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The LVTC blog, by Henry Law

The comments in the LVTC Blog are a personal view of our Hon. Secretary Henry Law and do not necessarily reflect the official policy of the Campaign.

This is a place for personal observations and comments on politics, economics, current affairs, on-going discussions on the potential for LVT to remedy some of the current ills, and the impact on Society of any of the above. 

Please read and enjoy, and feel free to respond to Henry if you have any thing you would like to add.


Who is being taken for a ride?

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In recent months, some major (and very expensive) railway upgrades have just been completed. These include the Chiltern Line which runs from London to Birmingham, and the Cotswold Line between Oxford and Worcester. The Chiltern Line improvements have brought places like Thame, Bicester, Banbury and Leamington within commuting distance, whilst the Cotswold Line development has done the same for places within reach of Kingham and Moreton-in-Marsh.

Elsewhere in the country, train services to Lincoln and Cambridge are being improved. Crossrail, and the associated Great Western Main Line electrification will give a boost to commuting from the west side of London.

It all adds up to a buoyant property market, as is spelled out in the Daily Telegraph's Property section, which reports "hot spots" where demand is strong despite the recession.

The Chiltern Line investment was made by the train operating company Chiltern Railway, owned by Deutsche Bahn, but most of the rest has been at the taxpayers' expense, which makes one ask who is being taken for a ride?
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High Speed Rail - to whose benefit?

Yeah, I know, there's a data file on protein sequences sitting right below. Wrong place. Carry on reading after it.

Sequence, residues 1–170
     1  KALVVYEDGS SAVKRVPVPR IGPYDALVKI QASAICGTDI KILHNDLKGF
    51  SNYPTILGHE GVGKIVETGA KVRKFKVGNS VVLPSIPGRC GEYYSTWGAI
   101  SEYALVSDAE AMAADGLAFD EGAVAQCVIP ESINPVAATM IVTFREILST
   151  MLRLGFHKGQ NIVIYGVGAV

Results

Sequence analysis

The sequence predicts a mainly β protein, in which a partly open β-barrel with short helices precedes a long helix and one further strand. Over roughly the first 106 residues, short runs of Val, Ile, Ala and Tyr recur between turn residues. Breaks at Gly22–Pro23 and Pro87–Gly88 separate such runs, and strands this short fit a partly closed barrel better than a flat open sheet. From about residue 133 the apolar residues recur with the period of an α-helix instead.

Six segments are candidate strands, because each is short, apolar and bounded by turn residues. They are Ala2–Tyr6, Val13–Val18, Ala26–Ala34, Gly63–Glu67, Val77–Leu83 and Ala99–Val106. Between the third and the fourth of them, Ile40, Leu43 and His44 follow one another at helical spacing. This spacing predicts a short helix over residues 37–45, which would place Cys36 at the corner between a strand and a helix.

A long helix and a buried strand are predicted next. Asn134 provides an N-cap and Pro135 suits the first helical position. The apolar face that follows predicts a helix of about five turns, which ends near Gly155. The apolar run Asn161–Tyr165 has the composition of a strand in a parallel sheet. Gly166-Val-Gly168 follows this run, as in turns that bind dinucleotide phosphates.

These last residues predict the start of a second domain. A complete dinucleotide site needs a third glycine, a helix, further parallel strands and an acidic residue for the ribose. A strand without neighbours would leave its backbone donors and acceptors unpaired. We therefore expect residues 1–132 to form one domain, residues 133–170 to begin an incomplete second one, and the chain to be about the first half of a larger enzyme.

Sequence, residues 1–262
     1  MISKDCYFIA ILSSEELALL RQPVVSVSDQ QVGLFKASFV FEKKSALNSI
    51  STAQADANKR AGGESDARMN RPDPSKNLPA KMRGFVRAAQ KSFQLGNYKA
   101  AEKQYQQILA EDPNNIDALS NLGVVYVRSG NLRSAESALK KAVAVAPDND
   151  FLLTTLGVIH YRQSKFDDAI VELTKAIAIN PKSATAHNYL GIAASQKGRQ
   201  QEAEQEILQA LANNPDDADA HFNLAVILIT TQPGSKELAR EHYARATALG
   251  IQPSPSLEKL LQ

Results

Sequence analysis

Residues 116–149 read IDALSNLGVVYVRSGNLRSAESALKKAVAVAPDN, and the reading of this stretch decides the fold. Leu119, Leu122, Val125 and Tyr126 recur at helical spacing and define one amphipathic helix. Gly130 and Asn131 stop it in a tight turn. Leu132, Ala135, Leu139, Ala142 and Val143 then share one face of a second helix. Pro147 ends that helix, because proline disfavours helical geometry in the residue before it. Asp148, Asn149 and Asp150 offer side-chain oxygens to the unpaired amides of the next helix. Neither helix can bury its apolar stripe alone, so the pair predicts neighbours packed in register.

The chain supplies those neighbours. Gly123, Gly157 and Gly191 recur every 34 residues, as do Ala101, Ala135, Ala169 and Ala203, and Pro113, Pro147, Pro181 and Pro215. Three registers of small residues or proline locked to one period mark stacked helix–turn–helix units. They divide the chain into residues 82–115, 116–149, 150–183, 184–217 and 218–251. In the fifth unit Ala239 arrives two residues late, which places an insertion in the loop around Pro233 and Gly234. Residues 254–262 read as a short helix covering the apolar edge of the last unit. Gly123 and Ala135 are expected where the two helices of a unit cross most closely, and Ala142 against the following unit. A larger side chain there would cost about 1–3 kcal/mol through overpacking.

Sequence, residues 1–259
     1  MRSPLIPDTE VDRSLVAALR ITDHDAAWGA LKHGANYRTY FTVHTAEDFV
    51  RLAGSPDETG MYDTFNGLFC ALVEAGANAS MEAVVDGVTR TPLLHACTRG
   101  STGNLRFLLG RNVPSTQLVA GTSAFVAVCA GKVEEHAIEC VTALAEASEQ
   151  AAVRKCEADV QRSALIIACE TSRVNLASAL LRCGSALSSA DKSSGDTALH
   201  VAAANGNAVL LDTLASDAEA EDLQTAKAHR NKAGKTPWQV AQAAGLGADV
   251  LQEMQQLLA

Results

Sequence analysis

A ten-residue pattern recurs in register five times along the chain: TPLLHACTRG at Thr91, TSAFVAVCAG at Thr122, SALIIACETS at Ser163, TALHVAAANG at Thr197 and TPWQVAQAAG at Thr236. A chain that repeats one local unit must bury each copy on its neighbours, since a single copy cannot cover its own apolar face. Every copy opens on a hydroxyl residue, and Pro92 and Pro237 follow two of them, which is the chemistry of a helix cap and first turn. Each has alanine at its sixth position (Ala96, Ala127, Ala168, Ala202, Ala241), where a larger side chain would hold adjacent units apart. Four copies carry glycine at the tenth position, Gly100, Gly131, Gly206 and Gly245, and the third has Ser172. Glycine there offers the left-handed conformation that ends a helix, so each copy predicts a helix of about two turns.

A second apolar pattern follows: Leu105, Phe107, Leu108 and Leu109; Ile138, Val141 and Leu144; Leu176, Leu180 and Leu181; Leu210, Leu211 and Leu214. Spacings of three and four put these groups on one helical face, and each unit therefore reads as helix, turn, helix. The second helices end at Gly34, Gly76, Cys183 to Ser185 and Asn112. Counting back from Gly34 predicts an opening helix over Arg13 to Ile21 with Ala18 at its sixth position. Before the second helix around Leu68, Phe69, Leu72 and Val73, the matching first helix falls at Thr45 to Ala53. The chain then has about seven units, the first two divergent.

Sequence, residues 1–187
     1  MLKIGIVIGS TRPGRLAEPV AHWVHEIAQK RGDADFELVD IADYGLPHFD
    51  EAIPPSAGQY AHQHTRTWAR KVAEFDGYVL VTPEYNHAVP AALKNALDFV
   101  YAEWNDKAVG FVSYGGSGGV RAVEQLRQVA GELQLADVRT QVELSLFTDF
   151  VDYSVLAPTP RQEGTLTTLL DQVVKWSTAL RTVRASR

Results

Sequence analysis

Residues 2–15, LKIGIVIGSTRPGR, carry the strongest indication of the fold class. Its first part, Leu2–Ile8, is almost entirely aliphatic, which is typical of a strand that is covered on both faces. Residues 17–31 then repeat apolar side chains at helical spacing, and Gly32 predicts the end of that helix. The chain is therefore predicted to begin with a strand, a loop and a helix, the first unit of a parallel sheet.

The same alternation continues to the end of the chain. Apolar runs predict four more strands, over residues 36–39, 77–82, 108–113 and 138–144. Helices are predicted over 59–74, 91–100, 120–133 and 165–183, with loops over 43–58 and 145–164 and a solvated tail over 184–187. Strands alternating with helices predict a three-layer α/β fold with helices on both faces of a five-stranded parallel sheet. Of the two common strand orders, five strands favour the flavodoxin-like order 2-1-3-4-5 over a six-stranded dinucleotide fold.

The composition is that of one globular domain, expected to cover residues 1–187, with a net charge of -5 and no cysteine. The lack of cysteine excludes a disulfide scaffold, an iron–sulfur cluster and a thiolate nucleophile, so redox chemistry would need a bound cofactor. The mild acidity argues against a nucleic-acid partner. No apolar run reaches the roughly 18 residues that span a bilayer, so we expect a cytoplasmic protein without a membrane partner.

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In an interview following the publication of the report of the inquiry into high speed rail, including the Government's proposal for HS2 - the chair of the Commons Transport Select Committee, Louise Ellman stated her determination that those adversely affected should receive good compensation.

We agree that people should not lose out because of the scheme. However, if the the scheme is worth doing - which has not been demonstrated - the government's choice of a route and its decision to build the line will result in winners as well as losers. Is it the government's intention that those who benefit should pocket the gains? Where is the justice in taking tax from working people, and shovelling it into the bank accounts of the winning landowners?

Here is yet another instance of the infrastructure scandal whereby improvements and compensation are paid for out of taxation, but as always, the gains in improved land value are privately appropriated.
 

How to end Poverty - Video

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Squatting soon to be a crime

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The government is now driving through its proposals to criminalise squatting. We do not condone squatting but there are important principles at stake here.